Spring harvest is underway in Western Canada, in canola fields that were left in the field due to wet conditions last fall.
For growers who haven’t combined canola in spring before, there are some significant differences between harvesting in fall versus spring notes Shawn Senko, agronomy specialist with the Canola Council of Canada, in this Canola School episode.
First, he recommends getting a good sample as early as possible to understand how the seed fared through the winter, and what your options are for marketing it.
“You can visually see if it still has that good regular colour like you see in fall, or if it’s starting to look grey and oxidized,” he explains. “You should still take it to your buyer to see how they grade that quality.”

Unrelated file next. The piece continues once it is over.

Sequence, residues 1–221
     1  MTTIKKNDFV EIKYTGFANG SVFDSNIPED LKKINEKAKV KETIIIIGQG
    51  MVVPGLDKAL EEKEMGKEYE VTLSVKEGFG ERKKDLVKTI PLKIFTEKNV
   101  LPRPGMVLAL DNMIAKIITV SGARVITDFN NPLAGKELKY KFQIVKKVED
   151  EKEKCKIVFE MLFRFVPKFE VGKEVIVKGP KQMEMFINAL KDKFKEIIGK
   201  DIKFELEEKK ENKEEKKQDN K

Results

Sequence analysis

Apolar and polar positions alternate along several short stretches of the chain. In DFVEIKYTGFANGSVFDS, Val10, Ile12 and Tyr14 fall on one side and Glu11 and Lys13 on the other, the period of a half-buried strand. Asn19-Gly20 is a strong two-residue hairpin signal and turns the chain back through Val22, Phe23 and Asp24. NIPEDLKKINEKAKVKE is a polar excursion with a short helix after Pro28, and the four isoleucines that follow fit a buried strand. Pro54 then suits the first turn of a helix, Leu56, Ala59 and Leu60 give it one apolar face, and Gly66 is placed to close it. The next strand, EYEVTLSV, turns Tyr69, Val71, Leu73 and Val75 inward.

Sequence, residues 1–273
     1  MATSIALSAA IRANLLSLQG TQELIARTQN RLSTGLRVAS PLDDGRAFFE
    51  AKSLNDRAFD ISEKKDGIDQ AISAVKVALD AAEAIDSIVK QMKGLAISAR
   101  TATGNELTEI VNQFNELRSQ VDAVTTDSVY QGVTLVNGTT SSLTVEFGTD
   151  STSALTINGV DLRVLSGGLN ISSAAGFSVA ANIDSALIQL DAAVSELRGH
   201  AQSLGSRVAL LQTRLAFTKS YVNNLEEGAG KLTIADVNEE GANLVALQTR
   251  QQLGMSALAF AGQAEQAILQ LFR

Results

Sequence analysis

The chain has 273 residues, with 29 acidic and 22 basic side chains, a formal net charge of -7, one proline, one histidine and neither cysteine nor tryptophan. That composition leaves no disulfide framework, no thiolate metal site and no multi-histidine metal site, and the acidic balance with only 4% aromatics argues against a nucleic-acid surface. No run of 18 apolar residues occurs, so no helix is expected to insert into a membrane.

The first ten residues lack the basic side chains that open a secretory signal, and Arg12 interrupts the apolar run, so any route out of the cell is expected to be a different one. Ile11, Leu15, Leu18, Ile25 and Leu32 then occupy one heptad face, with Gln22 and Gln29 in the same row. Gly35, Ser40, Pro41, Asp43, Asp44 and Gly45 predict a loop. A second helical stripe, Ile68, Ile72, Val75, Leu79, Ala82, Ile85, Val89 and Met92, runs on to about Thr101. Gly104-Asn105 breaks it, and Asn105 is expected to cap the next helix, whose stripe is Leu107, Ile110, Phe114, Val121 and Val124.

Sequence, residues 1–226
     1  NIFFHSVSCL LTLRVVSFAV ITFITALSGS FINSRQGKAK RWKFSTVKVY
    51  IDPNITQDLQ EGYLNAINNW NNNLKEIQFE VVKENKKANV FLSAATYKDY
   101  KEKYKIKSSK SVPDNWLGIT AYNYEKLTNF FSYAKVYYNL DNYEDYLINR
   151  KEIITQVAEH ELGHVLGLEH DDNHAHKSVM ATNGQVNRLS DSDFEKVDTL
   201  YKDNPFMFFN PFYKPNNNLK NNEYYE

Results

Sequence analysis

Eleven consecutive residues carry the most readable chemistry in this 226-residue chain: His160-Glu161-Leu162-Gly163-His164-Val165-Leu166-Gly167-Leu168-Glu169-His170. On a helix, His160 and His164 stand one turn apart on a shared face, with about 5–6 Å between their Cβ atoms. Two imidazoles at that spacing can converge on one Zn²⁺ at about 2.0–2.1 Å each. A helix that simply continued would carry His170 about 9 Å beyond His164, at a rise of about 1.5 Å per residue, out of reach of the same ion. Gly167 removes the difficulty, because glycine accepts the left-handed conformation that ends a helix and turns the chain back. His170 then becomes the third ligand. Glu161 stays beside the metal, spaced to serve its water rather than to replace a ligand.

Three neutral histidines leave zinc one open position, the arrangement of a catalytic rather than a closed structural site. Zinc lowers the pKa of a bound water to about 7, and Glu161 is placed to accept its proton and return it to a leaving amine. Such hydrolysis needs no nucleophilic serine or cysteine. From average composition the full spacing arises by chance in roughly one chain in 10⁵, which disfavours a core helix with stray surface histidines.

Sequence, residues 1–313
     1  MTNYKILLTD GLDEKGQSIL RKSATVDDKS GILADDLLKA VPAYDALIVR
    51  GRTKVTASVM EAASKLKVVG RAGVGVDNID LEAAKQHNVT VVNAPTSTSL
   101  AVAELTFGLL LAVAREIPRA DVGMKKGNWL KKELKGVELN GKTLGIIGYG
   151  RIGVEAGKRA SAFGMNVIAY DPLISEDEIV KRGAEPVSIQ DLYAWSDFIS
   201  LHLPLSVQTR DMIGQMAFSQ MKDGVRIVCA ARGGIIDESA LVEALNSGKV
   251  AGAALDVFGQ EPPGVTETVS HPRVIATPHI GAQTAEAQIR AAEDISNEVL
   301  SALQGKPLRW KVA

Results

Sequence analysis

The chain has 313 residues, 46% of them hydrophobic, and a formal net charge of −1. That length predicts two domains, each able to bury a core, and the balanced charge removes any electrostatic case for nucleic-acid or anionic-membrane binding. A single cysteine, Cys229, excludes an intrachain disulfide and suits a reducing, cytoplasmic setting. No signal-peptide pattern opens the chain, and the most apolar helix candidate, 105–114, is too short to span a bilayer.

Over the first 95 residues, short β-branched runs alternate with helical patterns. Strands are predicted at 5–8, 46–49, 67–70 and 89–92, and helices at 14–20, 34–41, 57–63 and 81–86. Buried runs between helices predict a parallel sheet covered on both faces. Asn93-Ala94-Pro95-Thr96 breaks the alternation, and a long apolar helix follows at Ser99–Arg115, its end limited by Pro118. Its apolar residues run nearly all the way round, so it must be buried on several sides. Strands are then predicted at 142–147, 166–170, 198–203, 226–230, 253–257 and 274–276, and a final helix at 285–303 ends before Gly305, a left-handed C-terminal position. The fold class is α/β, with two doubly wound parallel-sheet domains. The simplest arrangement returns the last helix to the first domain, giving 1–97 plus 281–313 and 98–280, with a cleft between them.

Also check for wildlife damage, which could possibly be covered by crop insurance, notes Senko.
When it comes to getting the combine out, don’t assume last fall’s settings will work for combining in spring, he stresses.
“The plant itself will change a lot, degrading over winter. When it hits the combine it will disintegrate a lot easier than in fall. You’ll see a lot more loading on the sieve, as that material will just break up and land up on there. So check to see because you could end up losing a lot more out of the combine,” he says.
Settings may also need adjusting as temperatures rise through the spring.
There are also some critical differences with putting canola into storage in spring versus fall. In spring, the warm days can help dry it down in the bin, but there aren’t the cool fall temperatures to cool it down for safe storage, which can put canola at risk as things get busy with seeding, says Senko.
Check out Shawn Senko’s conversation with RealAgriculture’s Kara Oosterhuis in this latest Canola School video: